In a major reversal, Arizona’s top election official has announced she will appeal a federal court order which extended the state’s voter registration deadline from Oct. 5 to Oct. 23.
On Sunday afternoon, Secretary of State Katie Hobbs informed the Ninth Circuit U.S. Court of Appeals that she has changed her mind about not fighting the extension. Instead, she wants to take part in a hearing Monday afternoon to argue in support of a compromise, such as an Oct. 16 deadline.
“While the Secretary did not initially intend to appeal the trial court’s order because she desired certainty and finality, the instant appeal and stay requests have still caused significant uncertainty and that ongoing uncertainty, coupled with the disruption to election administration, warrants the Secretary’s involvement,” Hobbs’ attorneys advised the court of appeals.
On Oct. 5, U.S. District Court Judge Steven Logan granted a request from two voter advocacy organizations to extend Arizona’s statutory deadline due to difficulties in holding voter information events stemming from COVID-19 social distancing issues. The registration deadline has been set in statute for nearly 30 years as 29 days before the general election.
Hobbs opposed the groups’ extension request and believed it would cause hardships for election officials across the state. But once the federal judge issued his ruling Hobbs announced after the ruling that she did not intend to appeal, fearing additional litigation would “only create more uncertainty, disruption, and voter confusion.”
“In other words, the Secretary was prepared to accept the district court’s order and work to implement it despite the hardship it causes for Arizona’s election administrators,” according to Hobbs’ attorneys.
The Republican National Committee and the National Republican Senatorial Committee, however, did file an appeal. Then last week Arizona Attorney General Mark Brnovich filed pleadings with the court of appeals, seeking status to intervene so he can argue against any extension to the Oct. 5 deadline.
On Friday evening, the three Ninth Circuit judges who will preside over the Oct. 12 arguments issued an order asking Hobbs to file a statement regarding her intent to appeal in this matter.
“We further invite the Secretary to provide any views she wishes to express or information she wishes to provide concerning the emergency matters pending before this court, and to appear for oral argument if she wishes to do so,” the order states.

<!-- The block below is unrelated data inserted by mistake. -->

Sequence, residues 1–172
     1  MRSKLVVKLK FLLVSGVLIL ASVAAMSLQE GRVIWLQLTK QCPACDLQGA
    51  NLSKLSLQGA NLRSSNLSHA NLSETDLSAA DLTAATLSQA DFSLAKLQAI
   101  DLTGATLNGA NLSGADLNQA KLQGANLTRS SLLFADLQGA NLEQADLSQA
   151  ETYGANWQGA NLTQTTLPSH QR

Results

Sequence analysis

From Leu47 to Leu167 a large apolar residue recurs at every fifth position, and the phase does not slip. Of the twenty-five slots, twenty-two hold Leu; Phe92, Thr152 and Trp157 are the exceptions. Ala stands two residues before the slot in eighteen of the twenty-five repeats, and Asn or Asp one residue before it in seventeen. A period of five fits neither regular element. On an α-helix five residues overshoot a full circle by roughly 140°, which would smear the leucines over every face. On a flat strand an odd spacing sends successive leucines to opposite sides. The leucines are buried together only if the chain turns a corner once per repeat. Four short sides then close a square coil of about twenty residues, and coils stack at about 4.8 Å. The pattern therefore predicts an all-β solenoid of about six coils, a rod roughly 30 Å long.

Hobbs’ statement was filed shortly before 5 p.m. Sunday. In it she explains her decision to appeal came after it became apparent the Oct. 23 extended deadline “comes at the cost of and risk to other important administrative work and timelines necessary to ensure the orderly administration of the election, and imposes a heavy burden on some counties.”
With early voting already underway in Arizona, Hobbs is seeking a final resolution, quickly. Which is particularly critical for those counties with only two or three elections employees.
“There can be no disputing that extending the registration deadline to October 23, 2020, creates significant administrative burdens on county officials,” Hobbs noted in her statement. However, she believes an earlier deadline is workable if announced soon.
She also wants confirmation that all qualified voters who properly registered during the extension period “will be deemed timely-registered” and not challengeable based solely on the date of their registration.
“Such a resolution will not only provide much-needed certainty but will alleviate the significant administrative burdens facing election administrators, while ensuring eligible voters who have yet to register – possibly relying on the lower court’s injunction extending the deadline to October 23, 2020 – receive a reasonable grace period during which they can submit a timely registration,” Hobbs notes in her statement.
At Monday’s hearing the court of appeals will also decide whether Brnovich as attorney general will be granted standing to intervene in the case. And while Hobbs doesn’t take a position on that issue, she does make it clear that elections are her responsibility.
“The Secretary, not the Attorney General, is Arizona’s Chief Election Officer,” Hobbs’ filing states. It also adds that “unlike the Attorney General and the Republican Party Intervenors” she has the relevant knowledge and expertise to address the burdens on election officials and recommend a stay that balances the interests of Arizona voters and elections officials alike.
“Because some Arizonans have relied on the district court’s injunction, the Court should give them notice and a grace period so they can complete their registration,” Hobbs’ statement concludes. “But in the end, leaving the deadline as October 23 will interfere with the orderly administration of the General Election.”